I learned about this month's New Name through Knowledge @ Wharton, a monthly e-newsletter from the University of Pennsylvania's business school.
What it is: Knuru is a new natural-language search engine for business information; Knowledge @ Wharton is its first major partner. "Natural language" simply means that instead of typing keywords into the search field, you type sentences: "What's happening with subprime mortgages?" or "Is Alan Greenspan still alive?" The service is free; results are presented in contextualized summaries from reputable business sources. From knuru.com's About page: "Unlike traditional search engines, knuru [sic] is not concerned with endless indexing of web pages and a never-ending convoluting of page rankings, paid rankings or any other artificial juxtapositioning [sic] of search results based on who pays most. Nor will we serve misleading paid-for search result rankings, which is common with other search technologies."
Where it comes from: Knuru's parent company is London-based Xexco, which founder Dennis Oudejans told me is pronounced "Exco." He added that he acquired "Xexco" when he acquired the company, and he's changing it to Knuru, and we're all thankful for that. (I believe Xexco is Klingon for "What were they thinking?")
What they're saying: Not much--yet. Knuru is still in beta. Microsoft Office users can access it (via a downloadable application) via the Research button; according to 44 voters in a Microsoft Office forum, Knuru earned five out of a possible five stars.
What it means: Dennis Oudejans told me in an email that the company had invited "five or six" naming agencies to bid on the naming project and eventually involved two--an unusual but not unprecedented decision. "One agency had an analytical/scientific approach, whereas the other seemed more unstructured and creative," Oudejans said. The analytical/scientific agency helped the company define its core values: agility, authority, and accuracy. Then the company tossed out all the names developed by the two agencies in favor of its own coinage, a blend of knowledge and guru. "Knuru" has meaning in at least one South Indian language, Tamil, although I was unable to discern from context what that meaning is. Pavala Knuru means "Coral Hill," a landmark near Arunachaleshwar Temple in Tiruvannamalai District, in the South Indian state of Tamil Nadu. I also discovered a saying in the Tetun language of East Timor: “bikan ho knuru mak baku malu” (as fork and spoon that always touch each other).
What I like: Knuru is short and unusual, and the partnership with Knowledge @ Wharton helps reinforce the "kn = knowledge" connection. The company was smart to register the name with at least three domain extensions domain: .com, .net, and .org. (Many startups fail to take this inexpensive precautionary step and leave themselves open to domain encroachment.)
What I'd worry about: Right off the bat I stumbled over Knuru's pronunciation. English has many words with silent k--know, knife, knock, knuckle. But the dropped k isn't intuitive, because at one time in the language's history (at least until the fourteenth century), the k was sounded in all those words, as it is in the German from which they came. English has also adopted a number of Yiddish words--knish, knaidlach, k'nocker--in which, as in German, the k is hard. (K'nocker is unrelated to the British slang term knackered, in which the k is silent.) And then there's Knut (German) or Knute (Scandinavian), names pronounced with a hard k that are just familiar enough to English speakers to invite confusion. (The English form makes the pronunciation explicit: Canute, which means "white haired.")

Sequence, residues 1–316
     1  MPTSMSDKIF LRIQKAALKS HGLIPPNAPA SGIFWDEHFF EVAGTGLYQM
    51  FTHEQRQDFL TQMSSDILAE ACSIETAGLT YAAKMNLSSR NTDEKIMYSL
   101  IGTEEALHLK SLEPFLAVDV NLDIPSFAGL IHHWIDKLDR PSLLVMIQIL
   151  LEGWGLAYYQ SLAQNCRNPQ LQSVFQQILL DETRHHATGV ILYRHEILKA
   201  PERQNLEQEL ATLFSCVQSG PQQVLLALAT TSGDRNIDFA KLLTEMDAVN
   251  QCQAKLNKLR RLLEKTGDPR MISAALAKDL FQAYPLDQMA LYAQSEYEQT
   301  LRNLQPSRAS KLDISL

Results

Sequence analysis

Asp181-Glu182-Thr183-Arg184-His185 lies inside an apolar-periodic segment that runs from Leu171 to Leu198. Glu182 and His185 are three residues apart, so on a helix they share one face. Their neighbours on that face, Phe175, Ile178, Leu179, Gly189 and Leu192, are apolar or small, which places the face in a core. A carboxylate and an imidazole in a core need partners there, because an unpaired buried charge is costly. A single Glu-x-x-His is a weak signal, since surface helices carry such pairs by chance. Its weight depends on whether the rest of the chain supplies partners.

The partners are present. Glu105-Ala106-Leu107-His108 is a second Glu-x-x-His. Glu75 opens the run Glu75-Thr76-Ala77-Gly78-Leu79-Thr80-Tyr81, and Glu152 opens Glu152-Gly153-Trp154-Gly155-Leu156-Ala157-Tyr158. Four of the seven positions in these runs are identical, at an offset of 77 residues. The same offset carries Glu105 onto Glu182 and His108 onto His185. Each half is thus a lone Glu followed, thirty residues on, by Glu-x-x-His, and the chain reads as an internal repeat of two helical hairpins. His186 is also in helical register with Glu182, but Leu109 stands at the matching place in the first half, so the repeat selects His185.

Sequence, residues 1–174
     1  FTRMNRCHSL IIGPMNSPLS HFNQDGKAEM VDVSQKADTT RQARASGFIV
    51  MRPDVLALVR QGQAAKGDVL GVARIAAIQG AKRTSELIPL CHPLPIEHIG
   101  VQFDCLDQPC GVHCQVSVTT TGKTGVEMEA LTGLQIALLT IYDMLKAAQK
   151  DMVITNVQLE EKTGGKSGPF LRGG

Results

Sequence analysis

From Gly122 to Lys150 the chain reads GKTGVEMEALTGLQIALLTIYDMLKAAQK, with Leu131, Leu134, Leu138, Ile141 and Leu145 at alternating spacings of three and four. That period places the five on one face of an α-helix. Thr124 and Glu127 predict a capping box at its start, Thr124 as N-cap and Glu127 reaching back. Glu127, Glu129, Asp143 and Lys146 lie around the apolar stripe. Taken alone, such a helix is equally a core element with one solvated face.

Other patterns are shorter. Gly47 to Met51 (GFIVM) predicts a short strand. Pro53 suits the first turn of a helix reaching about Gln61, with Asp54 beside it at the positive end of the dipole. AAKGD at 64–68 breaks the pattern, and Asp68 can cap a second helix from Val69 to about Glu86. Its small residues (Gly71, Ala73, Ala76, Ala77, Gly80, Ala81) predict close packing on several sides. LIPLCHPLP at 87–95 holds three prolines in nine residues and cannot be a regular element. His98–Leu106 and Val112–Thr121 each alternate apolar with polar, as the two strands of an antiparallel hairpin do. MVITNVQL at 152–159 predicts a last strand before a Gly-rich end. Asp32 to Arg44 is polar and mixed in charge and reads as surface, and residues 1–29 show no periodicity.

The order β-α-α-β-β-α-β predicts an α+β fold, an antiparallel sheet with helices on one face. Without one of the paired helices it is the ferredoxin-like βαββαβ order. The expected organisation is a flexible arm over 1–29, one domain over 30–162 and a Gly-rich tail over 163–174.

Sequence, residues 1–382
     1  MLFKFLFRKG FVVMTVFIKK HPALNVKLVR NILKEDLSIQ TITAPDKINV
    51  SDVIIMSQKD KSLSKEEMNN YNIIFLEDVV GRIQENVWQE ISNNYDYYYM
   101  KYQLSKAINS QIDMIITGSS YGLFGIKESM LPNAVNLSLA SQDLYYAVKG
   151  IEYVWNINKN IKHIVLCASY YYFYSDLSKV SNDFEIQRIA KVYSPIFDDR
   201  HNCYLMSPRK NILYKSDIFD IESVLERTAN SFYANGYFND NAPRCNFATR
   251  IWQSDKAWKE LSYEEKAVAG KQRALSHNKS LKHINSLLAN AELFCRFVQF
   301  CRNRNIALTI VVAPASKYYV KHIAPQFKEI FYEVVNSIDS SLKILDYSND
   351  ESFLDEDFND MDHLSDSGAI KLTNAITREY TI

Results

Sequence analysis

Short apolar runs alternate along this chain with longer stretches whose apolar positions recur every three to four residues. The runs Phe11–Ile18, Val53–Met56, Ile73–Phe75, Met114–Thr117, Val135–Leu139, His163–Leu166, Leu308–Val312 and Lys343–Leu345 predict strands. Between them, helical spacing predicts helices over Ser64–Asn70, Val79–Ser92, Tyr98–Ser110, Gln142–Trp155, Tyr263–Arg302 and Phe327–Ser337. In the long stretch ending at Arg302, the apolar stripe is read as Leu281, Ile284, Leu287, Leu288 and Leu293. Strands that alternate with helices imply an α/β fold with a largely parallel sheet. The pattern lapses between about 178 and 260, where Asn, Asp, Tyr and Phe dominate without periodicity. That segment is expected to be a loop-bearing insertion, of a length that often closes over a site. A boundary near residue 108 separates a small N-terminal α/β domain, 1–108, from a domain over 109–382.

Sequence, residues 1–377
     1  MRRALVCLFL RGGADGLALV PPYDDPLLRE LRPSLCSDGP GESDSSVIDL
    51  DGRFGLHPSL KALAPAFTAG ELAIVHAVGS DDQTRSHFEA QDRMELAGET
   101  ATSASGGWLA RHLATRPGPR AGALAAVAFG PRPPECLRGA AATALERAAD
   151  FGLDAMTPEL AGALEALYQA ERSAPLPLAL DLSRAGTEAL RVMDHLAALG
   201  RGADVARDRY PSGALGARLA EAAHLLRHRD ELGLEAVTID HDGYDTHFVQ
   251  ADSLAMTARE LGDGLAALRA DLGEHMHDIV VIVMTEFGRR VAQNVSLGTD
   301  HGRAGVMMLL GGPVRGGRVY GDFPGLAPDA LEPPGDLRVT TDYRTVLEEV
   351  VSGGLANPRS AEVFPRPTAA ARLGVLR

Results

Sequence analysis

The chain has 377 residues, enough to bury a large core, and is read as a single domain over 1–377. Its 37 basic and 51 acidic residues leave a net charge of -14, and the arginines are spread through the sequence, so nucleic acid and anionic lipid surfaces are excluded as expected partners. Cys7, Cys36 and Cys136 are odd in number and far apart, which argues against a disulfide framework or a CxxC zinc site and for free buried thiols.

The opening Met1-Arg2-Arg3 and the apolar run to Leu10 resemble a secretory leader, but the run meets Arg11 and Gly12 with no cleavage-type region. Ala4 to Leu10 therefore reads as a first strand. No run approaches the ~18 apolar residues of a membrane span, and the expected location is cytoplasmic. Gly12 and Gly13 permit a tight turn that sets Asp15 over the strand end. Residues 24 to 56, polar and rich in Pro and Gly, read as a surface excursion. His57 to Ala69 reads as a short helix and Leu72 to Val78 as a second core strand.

All of which explains why I want to pronounce knuru like k'nuru. I'd have no such problem with a silent-g coinage: even though the gn- and kn- stems are equivalent--they both mean "know"--I'm not tempted to pronounce the g. Knuru confuses because it looks too foreign to send the message "follow the common English-pronunciation rules."
Here's a separate problem: I'm not convinced that beginning this name with a silent letter tells the right story for this company, which should be positioning itself as an outspoken--not reticent--knowledge source.
But the biggest problem with Knuru is that, despite its odd look, it's a descriptive rather than a metaphorical name: it tells "who we are" (a knowledge guru) rather than "how your life will be better." Compare, for example, the name of another new natural-language search engine, Powerset--a term borrowed from the language of mathematics and invigorated by an expanded new context (and a great logo). No ambiguous pronunciation or forced word-blend; just the promise of power and being set to do what you want. Very effective. (Thanks to Laurie Clemans for the Powerset update.)
The decision: On a scale from 1 to 5, with 1 being "eh" and 5 being "yesss!", I'd give Knuru 3.1. This is a naming decision guided too much by strict etymology (remember: etymology doesn't matter; associations do), domain availability, and programmers' rules ("knowledge plus guru equals knuru") and not enough by common sense ("Will everyone be able to pronounce this word and figure out what it means?") and metaphor. Unfortunately, it's the sort of solution that emerges all too frequently when companies--especially technology companies--name themselves.
But: Knuru may be able to overcome the liabilities of its name with a strong branding message ("We're the knowledge gurus") and some pronunciation guides ("Knuru ... as in know-how"). As they themselves proclaim to their users, context is everything.